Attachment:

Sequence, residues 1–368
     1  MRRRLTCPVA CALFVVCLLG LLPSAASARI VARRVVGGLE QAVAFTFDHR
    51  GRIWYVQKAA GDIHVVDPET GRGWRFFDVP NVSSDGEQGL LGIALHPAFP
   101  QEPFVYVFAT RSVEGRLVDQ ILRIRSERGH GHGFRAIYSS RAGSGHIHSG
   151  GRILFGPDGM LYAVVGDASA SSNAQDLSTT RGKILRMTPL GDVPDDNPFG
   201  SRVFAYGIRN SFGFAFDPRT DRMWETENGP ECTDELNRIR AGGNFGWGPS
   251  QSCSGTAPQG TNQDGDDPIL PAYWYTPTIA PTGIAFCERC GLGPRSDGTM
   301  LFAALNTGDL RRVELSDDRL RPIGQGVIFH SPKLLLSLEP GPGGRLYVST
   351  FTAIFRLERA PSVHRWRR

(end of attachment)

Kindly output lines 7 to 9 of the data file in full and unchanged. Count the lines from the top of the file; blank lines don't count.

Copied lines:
   251  QSCSGTAPQG TNQDGDDPIL PAYWYTPTIA PTGIAFCERC GLGPRSDGTM
   301  LFAALNTGDL RRVELSDDRL RPIGQGVIFH SPKLLLSLEP GPGGRLYVST
   351  FTAIFRLERA PSVHRWRR